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Judge’s prayer ruling in Ala. overturned by court of appeals

MONTGOMERY, Ala. (BP)–A federal appeals court ruling that overturns a federal judge’s restrictions against school prayer in DeKalb County, Ala., is “a total victory,” said Alabama Attorney General Bill Pryor.
The July 13 ruling is a “major victory for student religious speech in public schools,” said Jay Sekulow, chief counsel for the American Center for Law and Justice who was appointed a deputy attorney general for the state in challenging restrictions imposed by U.S. District Judge Ira DeMent in 1997.
The U.S. Court of Appeals for the 11th Circuit has sent “a clear message to the ACLU and its allies that censorship of religious speech will not be tolerated in our courts,” Sekulow said. “The license to censor has been revoked.”
Sekulow added, “This case has generated national attention and will be examined closely by those on both sides of the debate.”
Pryor said the victory means that children “do not surrender their constitutional rights when they attend a public school in Alabama.”
As reported by the Birmingham News, Pryor had appealed portions of DeMent’s sweeping injunction that Pryor contended infringed on students’ rights. The federal appeals court agreed that DeMent went too far in prohibiting student-led prayers and religious speech in DeKalb County schools, and the three-judge panel ordered DeMent to rewrite his orders so that students’ religious rights are protected.
However, ACLU attorney Pamela Sumners of Birmingham who represented a DeKalb school vice principal, Michael Chandler, and his son in the suit, contended to the Birmingham News, “Some 90 to 95 percent of the case wasn’t even up there on appeal.” Among other things, the court said DeMent was not out of bounds in appointing a monitor to check on religious activities in DeKalb schools, the News reported. And the judges agreed there was evidence that DeKalb school officials had made “many sincere but unconstitutional efforts” to encourage or participate in student religious activities.
DeMent had prohibited school officials not only from leading vocal prayers or other religious speech at events such as graduation exercises and football games but also from permitting students to do so, the News recapped.
Sumners told the News she will talk to her clients about whether to appeal and claimed the federal panel’s decision amounts to “judicial activism … at odds with 30 years of U.S. Supreme Court precedents.”
The ACLU, on behalf of the Chandler, had argued that student religious speech in a public school setting amounts to state speech because students are a “captive audience,” the News recounted. The appellate court, however, ruled, “So long as school personnel do not participate in or actively supervise student-initiated speech, DeKalb [school officials] cannot constitutionally prohibit students from speaking religiously, and the injunction cannot require it to.”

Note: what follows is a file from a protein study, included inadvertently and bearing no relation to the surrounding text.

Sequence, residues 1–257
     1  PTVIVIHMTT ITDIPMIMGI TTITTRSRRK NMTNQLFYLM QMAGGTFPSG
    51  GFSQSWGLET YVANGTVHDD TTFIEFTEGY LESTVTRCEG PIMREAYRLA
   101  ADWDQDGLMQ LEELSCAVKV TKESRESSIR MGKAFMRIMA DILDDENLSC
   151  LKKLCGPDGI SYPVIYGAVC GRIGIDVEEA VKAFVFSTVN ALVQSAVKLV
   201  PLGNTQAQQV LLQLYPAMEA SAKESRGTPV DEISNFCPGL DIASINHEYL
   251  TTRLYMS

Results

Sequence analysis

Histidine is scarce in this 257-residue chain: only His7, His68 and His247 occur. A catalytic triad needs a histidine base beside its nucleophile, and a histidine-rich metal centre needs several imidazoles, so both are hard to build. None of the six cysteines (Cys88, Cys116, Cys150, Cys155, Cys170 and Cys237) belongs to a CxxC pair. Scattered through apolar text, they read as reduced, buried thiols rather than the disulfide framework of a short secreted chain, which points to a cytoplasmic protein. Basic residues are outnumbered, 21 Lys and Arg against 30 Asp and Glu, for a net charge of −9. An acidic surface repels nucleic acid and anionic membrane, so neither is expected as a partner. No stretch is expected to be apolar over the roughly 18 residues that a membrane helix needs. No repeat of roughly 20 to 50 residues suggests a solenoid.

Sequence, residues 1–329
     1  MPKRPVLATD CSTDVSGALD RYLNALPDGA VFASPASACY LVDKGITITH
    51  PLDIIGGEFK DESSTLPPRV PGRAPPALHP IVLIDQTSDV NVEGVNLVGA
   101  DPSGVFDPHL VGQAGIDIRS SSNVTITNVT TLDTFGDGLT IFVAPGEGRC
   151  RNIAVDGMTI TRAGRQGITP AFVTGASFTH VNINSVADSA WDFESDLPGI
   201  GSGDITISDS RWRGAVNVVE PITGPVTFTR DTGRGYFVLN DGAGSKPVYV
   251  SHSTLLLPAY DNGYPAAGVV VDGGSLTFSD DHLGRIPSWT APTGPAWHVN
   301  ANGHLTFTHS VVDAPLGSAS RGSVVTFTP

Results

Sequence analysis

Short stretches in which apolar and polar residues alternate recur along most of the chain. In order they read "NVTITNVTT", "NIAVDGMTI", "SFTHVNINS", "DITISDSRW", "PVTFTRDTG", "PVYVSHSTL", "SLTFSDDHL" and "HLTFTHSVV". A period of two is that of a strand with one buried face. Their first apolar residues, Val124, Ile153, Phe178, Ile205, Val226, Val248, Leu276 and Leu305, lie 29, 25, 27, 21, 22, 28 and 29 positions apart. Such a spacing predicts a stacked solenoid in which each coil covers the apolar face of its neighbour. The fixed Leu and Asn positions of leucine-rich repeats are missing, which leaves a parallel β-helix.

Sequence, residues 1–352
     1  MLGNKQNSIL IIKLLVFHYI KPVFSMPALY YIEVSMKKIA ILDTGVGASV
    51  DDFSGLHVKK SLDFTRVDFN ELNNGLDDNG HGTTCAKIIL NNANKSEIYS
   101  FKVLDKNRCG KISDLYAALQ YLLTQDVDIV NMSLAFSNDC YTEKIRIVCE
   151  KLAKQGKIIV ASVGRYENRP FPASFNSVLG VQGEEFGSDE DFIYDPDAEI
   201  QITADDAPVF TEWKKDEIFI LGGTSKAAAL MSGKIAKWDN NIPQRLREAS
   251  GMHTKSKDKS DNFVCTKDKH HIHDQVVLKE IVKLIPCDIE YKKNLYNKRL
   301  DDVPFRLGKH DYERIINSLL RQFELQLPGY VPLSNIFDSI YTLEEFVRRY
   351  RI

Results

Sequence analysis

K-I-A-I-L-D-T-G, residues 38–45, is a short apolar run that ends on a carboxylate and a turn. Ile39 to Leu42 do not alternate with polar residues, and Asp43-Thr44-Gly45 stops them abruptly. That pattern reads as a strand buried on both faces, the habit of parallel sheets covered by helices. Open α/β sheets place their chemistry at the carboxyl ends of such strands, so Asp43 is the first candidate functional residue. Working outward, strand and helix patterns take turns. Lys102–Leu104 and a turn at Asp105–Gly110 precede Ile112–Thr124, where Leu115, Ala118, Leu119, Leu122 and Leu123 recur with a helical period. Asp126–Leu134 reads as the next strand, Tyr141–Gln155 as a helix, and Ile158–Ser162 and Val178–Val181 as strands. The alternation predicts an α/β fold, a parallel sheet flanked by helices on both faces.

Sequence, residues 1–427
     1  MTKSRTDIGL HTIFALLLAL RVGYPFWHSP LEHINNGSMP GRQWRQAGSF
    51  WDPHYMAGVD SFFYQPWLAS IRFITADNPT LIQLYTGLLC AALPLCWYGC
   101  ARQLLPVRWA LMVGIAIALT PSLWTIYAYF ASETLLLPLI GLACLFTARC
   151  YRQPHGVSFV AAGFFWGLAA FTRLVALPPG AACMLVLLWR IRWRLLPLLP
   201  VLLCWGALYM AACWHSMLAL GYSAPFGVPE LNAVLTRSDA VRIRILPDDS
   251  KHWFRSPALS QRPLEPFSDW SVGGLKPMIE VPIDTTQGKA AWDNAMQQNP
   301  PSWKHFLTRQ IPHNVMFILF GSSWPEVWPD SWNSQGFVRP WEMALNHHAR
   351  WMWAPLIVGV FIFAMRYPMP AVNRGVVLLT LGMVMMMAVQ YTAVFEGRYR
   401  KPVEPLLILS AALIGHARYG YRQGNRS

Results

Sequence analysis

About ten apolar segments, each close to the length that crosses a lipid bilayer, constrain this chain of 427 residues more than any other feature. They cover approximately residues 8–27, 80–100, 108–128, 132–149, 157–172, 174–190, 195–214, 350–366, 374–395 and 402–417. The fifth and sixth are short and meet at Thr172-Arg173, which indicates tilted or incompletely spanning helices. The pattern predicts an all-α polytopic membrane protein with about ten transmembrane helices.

The court continued, “Ultimately, the issue in this case is not whether school officials may prescribe prayer or enlist surrogates to that end. They may not.
“The first principle must always be that genuinely student-initiated religious speech must be permitted.” The judges also stated that student religious speech also must be treated the same as secular speech by students in the public schools.
“The suppression of student-initiated religious speech is neither necessary to, nor does it achieve, constitutional neutrality towards religion,” the court said.
Chandler, assistant principal at Valley Head High School who brought the lawsuit in 1996, had named praying during school assemblies, sporting events and other school-sponsored events, outside groups like the Gideons passing out Bibles during school hours and on campus and permitting religious clubs during instructional hours as some instances of constitutional violations.
Sekulow and the Virginia-based American Center for Law and Justice provided counsel to the state at no fee.
Oral arguments were presented before the panel in December of last year.
The Birmingham News also reported that the 11th Circuit also rejected former Gov. Fob James’ contention that DeMent’s injunction should be overturned because the First Amendment doesn’t apply in Alabama.
Dean Young of Gadsden, executive director of the Alabama chapter of the American Family Association, told the News his group is “excited about that part of the ruling which said Judge DeMent went too far” but he contended that Pryor didn’t go far enough in his appeal.
Pryor should have fought for the rights of teachers and coaches to pray with their students, Young told the News, because Alabamians believe “it’s OK to acknowledge God.” Young also didn’t like the court’s telling DeMent to rewrite the injunction. “It’s giving him another chance,” he said.